A phylogenetic tree based on all the individuals analyzed was constructed using maximum-likelihood (ML) and Bayesian Inference (BI) methods. ML was performed as implemented in GARLI Version 0.96b8 [43]. To avoid over partitioning and yet still effectively deal with heterogeneity, each locus was used as a criterion to define a partition (locus). Prior model selection for each partition was determined using the Bayesian information criterion (BIC) calculated in jMODELTEST v 3.06 [44] in conjunction with PAUP (models for each partition are listed in Table 2). For analysis, 2000 bootstrap replicates were carried out to identify the best partitioning scheme. Analysis was performed with the settings recommended by Zwickl [43] and the runs were set for an unlimited number of generations and automatic termination following 20,000 generations without a meaningful (ln L increase of 0.01) change in score.

For BI, MrBayes 3.1.2 [45] was used. Prior model selection for each partition was determined using the Akaike Information Criterion (AIC) calculated in MrModeltest 2.3 [46] in conjunction with PAUP (Table 2). Random starting trees were used and four Markov chains were run for one million generations: nucmodel = 4 by 4; nruns = 2; tree-sampling frequencies of 1 in 100 (10,000 trees saved). Convergence was assessed by examining the cumulative posterior probabilities of clades using the “Are We There Yet?” online program (AWTY; [47]).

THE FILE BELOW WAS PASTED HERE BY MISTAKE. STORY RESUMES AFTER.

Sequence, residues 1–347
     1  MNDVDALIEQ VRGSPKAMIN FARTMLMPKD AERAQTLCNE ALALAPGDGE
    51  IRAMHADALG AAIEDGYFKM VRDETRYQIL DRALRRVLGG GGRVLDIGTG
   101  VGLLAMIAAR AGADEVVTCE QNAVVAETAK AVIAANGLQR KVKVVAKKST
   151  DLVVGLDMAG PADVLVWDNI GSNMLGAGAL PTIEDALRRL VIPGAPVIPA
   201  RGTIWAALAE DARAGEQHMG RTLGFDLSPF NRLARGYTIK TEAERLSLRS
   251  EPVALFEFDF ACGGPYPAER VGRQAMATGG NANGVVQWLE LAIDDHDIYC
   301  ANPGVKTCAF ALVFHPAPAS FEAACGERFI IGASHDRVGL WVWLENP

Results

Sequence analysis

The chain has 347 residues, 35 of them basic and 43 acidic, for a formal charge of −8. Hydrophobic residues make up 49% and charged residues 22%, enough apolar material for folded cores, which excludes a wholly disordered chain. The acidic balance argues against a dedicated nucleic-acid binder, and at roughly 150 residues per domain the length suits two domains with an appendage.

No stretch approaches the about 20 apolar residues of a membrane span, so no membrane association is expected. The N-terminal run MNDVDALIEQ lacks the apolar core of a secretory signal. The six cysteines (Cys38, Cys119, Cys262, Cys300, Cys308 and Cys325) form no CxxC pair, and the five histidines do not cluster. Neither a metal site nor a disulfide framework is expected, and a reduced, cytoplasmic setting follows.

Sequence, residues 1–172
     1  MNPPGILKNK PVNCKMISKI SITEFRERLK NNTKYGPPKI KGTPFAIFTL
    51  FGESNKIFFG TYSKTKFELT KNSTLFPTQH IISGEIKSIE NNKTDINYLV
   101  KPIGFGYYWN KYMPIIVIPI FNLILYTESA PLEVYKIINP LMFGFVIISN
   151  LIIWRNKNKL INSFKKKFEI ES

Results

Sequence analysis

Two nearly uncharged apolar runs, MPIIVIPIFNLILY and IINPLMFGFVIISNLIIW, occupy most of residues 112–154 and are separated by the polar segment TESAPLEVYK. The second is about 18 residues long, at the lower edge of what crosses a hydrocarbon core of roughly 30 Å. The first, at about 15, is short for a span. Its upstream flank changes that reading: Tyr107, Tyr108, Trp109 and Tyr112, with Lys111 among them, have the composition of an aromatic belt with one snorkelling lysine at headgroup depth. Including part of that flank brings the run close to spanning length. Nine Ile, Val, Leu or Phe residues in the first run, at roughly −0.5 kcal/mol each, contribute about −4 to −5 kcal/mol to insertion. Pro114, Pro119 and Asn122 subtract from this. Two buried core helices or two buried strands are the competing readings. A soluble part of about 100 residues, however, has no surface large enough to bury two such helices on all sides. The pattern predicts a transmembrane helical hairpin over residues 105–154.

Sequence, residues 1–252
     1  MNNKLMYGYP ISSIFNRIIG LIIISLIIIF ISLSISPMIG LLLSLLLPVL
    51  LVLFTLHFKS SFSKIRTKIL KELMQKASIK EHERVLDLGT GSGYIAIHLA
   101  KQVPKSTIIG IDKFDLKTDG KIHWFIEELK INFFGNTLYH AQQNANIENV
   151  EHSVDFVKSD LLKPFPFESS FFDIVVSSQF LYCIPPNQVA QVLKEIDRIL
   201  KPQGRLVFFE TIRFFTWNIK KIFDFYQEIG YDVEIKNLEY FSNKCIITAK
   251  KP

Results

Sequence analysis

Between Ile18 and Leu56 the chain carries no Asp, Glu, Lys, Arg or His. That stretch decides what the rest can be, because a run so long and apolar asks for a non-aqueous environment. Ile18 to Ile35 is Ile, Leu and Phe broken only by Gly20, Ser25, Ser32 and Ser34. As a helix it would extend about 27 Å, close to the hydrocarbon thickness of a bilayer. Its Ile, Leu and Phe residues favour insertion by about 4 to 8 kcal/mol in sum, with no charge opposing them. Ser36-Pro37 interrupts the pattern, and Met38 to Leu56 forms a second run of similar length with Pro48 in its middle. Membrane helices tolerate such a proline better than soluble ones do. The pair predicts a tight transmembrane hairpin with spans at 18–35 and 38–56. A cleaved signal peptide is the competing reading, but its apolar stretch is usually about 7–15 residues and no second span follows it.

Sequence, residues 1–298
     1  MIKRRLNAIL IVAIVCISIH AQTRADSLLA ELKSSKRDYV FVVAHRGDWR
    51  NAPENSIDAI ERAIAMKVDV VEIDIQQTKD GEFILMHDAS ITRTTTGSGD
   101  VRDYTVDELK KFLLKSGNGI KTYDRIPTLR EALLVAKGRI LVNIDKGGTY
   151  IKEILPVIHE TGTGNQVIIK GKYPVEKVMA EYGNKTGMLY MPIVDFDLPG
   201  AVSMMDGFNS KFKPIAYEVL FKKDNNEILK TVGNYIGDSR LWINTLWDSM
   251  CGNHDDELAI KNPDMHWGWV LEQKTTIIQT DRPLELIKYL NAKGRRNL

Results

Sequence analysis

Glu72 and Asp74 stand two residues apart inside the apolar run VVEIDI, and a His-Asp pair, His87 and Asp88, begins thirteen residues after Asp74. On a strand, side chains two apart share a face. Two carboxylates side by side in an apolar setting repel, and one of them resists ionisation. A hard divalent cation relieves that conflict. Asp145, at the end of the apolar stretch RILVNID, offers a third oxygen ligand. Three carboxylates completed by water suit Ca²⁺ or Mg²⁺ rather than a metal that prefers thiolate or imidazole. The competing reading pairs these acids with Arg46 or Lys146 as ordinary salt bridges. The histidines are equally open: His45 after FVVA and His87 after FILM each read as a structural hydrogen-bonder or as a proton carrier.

To address inter-specific phylogenetic relationships within Salmo, the method for species tree reconstruction, implemented in *BEAST v1.7.2. [34], was also used. The program determines the likelihood of gene trees in a given species tree to find the most likely containing species tree for multiple genes sampled from individuals across a set of closely related species. It uses the Markov chain Monte Carlo approach to average over the tree space, so that each tree is weighted proportionally to its posterior probability. All settings were entered in BEAUti v1.7.0, a graphical software package that allows creation of BEAST XML input files. Each genetic region (locus) was partitioned using BIC calculated in jMODELTEST v 3.06 (Table 2). Time-measured phylogeny using the relaxed clock model [48] and tree model were set as unlinked for all partitions. All molecular clock estimates for the gene regions were examined using the uncorrelated lognormal model. The operational taxonomic units (OTU) that were compared corresponded with the clades defined on the basis of individual trees constructed in GARLI as described above (see Table 1). Using CIPRES Science Gateway V. 3.3 [49], a public resource for inference of large phylogenetic trees, the same XML file was run for seven independent simultaneous runs of 300 millions generations sampled once every 30,000 trees. After analyzing each run separately, the program Tracer v1.5 (distributed with BEAST) was used and the first 30 millions generations were discarded as burn-in samples. A summary tree was created for each run using TreeAnnotator v1.5.3 (distributed with BEAST). The separate log and tree files were combined using LogCombiner v1.5.3 (distributed with BEAST). The combined log file was analyzed in Tracer 1.5 to ensure that effective sample sizes were large enough. Combined trees were analyzed with TreeAnnotator 1.5.3 and a summary tree produced and viewed in FigTree version 1.3.1 (